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Asian Pac J Cancer Prev. 2017 Aug 27;18(8):2127-2133.

Increasing Awareness of Gynecologic Cancer Risks and Symptoms among Asian, Native Hawaiian and Pacific Islander Women in the US-Associated Pacific Island Jurisdictions

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1
Division of Cancer Prevention and Control, National Center for Chronic Disease Prevention and Health Promotion, Centers for Disease Control and Prevention, Atlanta, GA, United States. Email: mpuckett1@cdc.gov

Abstract

BACKGROUND:

Gynecologic cancers are common among Asian/Native Hawaiian/Pacific Islander (A/NH/PI) women. Prevention is important in United States associated Pacific Island jurisdictions (USAPIJ) because there are limited resources to treat cancer. The objective of this study was to educate A/NH/PI women and providers about evidence-based interventions to prevent and control gynecologic cancers in Yap, one of four major islands comprising the Federated States of Micronesia (FSM). This was done through a partnership between Inside Knowledge: Get The Facts About Gynecologic Cancer national campaign and the Yap comprehensive cancer control program, both funded by the Center for Disease Control and Prevention (CDC).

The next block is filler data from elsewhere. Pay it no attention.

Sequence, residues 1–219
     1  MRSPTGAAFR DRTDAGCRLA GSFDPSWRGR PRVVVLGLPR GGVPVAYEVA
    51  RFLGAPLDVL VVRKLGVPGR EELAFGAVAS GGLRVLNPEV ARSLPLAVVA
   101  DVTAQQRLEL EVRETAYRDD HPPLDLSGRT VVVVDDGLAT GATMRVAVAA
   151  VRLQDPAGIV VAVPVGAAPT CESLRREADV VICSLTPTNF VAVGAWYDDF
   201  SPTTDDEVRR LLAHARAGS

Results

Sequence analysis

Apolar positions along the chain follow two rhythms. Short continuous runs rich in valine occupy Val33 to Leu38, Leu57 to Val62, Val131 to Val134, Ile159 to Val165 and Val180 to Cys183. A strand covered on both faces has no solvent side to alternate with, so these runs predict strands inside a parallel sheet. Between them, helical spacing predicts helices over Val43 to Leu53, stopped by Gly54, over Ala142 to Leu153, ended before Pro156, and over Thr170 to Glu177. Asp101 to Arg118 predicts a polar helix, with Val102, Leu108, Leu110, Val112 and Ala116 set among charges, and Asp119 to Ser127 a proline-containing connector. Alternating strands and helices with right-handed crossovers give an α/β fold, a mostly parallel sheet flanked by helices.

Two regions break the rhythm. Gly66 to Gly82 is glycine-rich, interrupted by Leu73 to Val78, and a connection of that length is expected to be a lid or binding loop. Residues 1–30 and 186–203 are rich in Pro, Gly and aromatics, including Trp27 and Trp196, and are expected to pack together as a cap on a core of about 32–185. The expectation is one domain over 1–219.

METHODS:

Inside Knowledge educational materials were obtained from the CDC website and used in facilitated educational sessions. Sessions were planned according to leading health education theories, and were implemented and led by local Yap public health practitioners. Pre- and post-session surveys were used to assess changes in gynecologic cancer awareness, confidence and behavioral intentions related to prevention/early detection for gynecologic cancer.

RESULTS:

Twenty-nine providers and 326 adult women participated in sessions. All participants demonstrated significant increases in knowledge across all measured domains post-session. Public knowledge that HPV causes cervical, vulvar and vaginal cancer increased from 4.9% pre-session to 51.4% post-session (p<0.0001); provider knowledge increased from 17.2% to 96.6% (p<0.0001). Significantly more women identified smoking as a cervical cancer risk factor post-session (increased from 53.8% to 98.7% [p<0.0001]). An average of 61.4% of providers said they were extremely or somewhat confident in their gynecologic cancer knowledge pre-session compared to 91.7% post-session.

CONCLUSION:

Targeted education about gynecologic cancer symptoms and risk factors can be effective at increasing awareness, behavioral intention, confidence and knowledge. These increases can lead to more widespread prevention of these five cancers.

KEYWORDS:

Cancer prevention; gynecologic cancer; cancer education; health education

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